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Regulator won't review decision to reject proposed feedlot near popular Alberta lake

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Cattle roam in a filed near Pigeon Lake, Alta., on May 1, 2022. An Alberta regulator says it won't review its decision to reject a proposed cattle feedlot near a popular recreational lake. THE CANADIAN PRESS/Jason Franson

EDMONTON — An Alberta regulator has turned down a request to review its decision rejecting a proposed cattle feedlot near a popular recreational lake. 

The Natural Resources Conservation Board said in a ruling released Thursday that there's no reason to revisit the August decision, which denied a permit for the 4,000-head feedlot near Pigeon Lake, about 100 kilometres southwest of Edmonton. 

"The board finds that the approval officer adequately dealt with all issues raised in the applicant’s filed request for review and that the issues raised are of little merit," the letter says.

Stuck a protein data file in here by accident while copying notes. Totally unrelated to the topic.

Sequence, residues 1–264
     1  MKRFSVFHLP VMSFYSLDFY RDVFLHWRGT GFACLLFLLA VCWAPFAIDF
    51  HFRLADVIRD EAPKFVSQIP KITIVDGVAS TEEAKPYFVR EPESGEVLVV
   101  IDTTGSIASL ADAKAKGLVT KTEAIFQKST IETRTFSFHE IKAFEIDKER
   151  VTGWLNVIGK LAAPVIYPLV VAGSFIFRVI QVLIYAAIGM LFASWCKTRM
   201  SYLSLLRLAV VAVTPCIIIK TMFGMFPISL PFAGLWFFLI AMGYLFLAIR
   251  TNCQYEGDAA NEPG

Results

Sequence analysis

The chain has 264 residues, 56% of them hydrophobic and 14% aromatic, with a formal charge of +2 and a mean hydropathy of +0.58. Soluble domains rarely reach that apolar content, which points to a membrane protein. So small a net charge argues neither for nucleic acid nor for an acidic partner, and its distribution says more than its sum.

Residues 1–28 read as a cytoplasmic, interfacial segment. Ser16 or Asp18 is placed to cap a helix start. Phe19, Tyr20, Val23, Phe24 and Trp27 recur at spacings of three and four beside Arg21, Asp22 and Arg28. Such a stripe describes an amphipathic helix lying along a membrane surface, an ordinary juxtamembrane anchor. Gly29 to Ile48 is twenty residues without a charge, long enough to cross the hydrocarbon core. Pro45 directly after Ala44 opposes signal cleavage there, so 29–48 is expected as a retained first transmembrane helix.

Greg Thalen of G&S Cattle had argued that the board's original decision depended too heavily on research conducted by the Pigeon Lake Watershed Association without confirming those conclusions for itself. As well, he maintained most of the association's members have no legal standing before the board.

Opponents feared the impact of more cattle manure on the lake, which is fed only by runoff and struggles with summertime algae blooms despite improvements to area sewage treatment and fertilizer management. 

Pigeon Lake has about 5,800 seasonal and permanent residents and attracts about 100,000 visitors a year.

Although Thalen can appeal to the courts, grounds for an appeal are restricted to errors in law or jurisdiction and may not address arguments for or against the feedlot.

The board is required by law to decide within 10 business days if it will review a ruling. Because of that tight timeline, reasons for its decision on the review are not released immediately.

"The board will issue the full decision report with its reasons within the next two weeks," said board spokeswoman Janet Harvey. 

When the feedlot was first proposed, the board — which typically receives only a few letters of concern about proposed projects — received hundreds of objections from individuals, summer villages, Indigenous communities and other organizations.

This report by The Canadian Press was first published Oct. 6, 2022.

— Follow Bob Weber on Twitter at @row1960

Bob Weber, The Canadian Press